Presenting... A Story in Stone

Exterior of the museum with different types of stone labelled with numbers

Presenting... A Story in Stone

Presenting... A Story in Stone was a temporary exhibit at Oxford University Museum of Natural History.

Two of the strongest advocates for the creation of the Museum of Natural History were Henry Acland (1815-1900), Professor of Medicine, and the geologist John Phillips (1800-1874). From the beginning, the objective of the Museum founders was to teach science, and geology played a big part in achieving this.

In his 1863 pamphlet, Notices of Rocks and Fossils in the University Museum, Oxford, Phillips wrote:

Though the stone of which the Museum is built, and the marbles which are employed in the internal decoration, can hardly be regarded as part of the collections of rocks, they must be included among the objects to which the student of geology should devote some attention; and were indeed part selected for the purpose of adding to the illustrations of that science.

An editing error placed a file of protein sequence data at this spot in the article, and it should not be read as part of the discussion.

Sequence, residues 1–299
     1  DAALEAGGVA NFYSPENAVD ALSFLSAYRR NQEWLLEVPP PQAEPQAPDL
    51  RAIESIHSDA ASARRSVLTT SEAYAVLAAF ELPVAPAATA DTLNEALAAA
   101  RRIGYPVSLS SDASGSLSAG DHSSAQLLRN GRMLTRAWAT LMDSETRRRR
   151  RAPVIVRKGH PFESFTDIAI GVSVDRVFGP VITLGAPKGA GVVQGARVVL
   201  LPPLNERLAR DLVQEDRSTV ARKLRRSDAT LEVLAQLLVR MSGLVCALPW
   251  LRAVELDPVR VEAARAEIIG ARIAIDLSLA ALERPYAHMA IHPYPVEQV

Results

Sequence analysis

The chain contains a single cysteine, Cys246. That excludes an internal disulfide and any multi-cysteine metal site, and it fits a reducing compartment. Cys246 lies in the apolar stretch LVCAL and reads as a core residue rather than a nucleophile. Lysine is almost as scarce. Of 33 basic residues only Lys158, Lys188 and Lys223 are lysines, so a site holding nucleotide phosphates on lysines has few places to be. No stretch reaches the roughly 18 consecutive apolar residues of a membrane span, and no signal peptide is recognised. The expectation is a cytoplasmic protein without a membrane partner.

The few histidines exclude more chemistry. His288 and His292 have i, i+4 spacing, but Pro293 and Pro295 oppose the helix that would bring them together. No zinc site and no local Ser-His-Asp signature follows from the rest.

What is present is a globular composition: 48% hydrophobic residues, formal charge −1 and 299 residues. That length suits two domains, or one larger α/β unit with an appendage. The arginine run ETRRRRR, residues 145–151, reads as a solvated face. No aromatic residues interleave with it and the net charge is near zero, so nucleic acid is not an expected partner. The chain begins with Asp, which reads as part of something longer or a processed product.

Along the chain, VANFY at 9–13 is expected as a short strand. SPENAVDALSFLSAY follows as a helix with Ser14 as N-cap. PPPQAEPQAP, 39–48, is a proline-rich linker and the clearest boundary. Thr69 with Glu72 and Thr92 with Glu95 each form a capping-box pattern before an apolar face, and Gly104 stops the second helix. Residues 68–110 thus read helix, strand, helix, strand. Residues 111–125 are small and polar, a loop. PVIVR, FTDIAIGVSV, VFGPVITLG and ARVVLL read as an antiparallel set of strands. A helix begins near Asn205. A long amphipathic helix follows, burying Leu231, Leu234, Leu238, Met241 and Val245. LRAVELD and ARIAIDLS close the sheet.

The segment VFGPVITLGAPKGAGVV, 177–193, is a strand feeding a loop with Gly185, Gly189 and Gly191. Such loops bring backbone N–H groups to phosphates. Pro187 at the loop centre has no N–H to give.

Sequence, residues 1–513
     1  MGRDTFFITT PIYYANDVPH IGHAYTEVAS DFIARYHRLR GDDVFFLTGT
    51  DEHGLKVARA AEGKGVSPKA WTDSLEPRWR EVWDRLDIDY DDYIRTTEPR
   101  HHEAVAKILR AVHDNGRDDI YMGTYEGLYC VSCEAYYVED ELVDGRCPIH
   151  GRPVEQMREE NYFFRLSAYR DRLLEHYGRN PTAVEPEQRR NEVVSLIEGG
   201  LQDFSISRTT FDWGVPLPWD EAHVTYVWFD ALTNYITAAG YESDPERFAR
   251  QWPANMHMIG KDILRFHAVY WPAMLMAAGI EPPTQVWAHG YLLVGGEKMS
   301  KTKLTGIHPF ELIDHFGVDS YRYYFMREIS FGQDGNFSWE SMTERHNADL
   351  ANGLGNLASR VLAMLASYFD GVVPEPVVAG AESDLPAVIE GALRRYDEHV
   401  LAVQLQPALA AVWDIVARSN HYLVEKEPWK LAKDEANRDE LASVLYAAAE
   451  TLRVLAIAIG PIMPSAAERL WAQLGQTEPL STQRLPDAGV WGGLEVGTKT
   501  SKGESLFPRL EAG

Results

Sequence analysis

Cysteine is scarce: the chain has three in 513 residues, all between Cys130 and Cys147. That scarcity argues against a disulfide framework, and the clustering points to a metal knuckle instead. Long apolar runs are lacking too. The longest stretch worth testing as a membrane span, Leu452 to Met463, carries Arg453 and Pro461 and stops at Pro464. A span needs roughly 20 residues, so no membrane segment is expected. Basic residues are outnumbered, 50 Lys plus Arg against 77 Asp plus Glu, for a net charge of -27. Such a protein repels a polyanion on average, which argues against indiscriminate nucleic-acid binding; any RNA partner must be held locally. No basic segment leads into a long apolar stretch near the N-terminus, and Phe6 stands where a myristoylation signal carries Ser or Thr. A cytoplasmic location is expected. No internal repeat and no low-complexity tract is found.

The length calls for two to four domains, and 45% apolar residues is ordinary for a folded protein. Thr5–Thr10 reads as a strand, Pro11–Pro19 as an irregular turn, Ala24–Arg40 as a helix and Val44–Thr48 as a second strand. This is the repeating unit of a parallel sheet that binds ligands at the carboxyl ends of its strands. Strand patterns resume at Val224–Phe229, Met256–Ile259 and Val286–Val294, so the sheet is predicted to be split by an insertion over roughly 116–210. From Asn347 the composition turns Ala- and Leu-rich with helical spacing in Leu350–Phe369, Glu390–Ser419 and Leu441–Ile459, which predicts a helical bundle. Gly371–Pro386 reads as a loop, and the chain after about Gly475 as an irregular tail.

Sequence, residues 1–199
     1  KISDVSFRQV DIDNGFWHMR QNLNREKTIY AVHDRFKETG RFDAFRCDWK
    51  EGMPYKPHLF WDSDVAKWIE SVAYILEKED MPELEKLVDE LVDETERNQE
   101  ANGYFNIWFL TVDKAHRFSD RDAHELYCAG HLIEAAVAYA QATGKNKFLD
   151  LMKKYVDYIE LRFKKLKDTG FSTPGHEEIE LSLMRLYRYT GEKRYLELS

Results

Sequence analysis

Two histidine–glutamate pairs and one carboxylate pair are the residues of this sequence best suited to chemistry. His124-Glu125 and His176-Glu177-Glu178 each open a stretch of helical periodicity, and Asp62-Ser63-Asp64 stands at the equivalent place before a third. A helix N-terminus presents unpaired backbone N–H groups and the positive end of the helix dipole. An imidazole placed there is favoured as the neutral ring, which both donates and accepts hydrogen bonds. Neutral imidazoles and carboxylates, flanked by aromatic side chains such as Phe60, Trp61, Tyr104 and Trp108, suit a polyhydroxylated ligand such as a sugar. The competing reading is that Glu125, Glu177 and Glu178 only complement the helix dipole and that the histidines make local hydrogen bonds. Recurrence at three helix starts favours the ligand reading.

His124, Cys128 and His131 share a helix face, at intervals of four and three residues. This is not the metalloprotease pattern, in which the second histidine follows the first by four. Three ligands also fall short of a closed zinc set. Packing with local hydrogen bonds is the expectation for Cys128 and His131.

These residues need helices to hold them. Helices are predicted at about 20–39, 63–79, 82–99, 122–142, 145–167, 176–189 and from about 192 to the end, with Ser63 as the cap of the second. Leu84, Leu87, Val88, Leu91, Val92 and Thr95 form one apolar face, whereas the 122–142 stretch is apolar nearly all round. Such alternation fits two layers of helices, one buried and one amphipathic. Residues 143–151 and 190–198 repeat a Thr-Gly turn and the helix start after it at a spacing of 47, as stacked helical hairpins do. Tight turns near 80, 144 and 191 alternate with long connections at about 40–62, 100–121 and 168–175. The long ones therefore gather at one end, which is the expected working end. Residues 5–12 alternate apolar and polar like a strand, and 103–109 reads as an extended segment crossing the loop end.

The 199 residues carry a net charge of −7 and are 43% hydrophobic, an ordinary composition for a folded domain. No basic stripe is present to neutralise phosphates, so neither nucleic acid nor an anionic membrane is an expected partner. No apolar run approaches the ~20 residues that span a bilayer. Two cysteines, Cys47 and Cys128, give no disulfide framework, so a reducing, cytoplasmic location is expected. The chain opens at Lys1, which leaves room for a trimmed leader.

A sample of Box Ground stone

The original stone supplier's sample of Box Ground

An ironstone specimen

The dark red-brown stone in the arches of the first floor windows is Banbury Ironstone. This iron-rich, fossiliferous sandy limestone from NW Oxfordshire is also known as Marlstone or Hornton stone. It was laid down during the Lower Jurasic Period.





Map showing that the presenting case is just to the left, next to the help desk, as you enter the Oxford Natural History Museum through the main door.

You can find the Presenting Case next to the Welcome Desk; just to the left as you enter the Museum through the main entrance.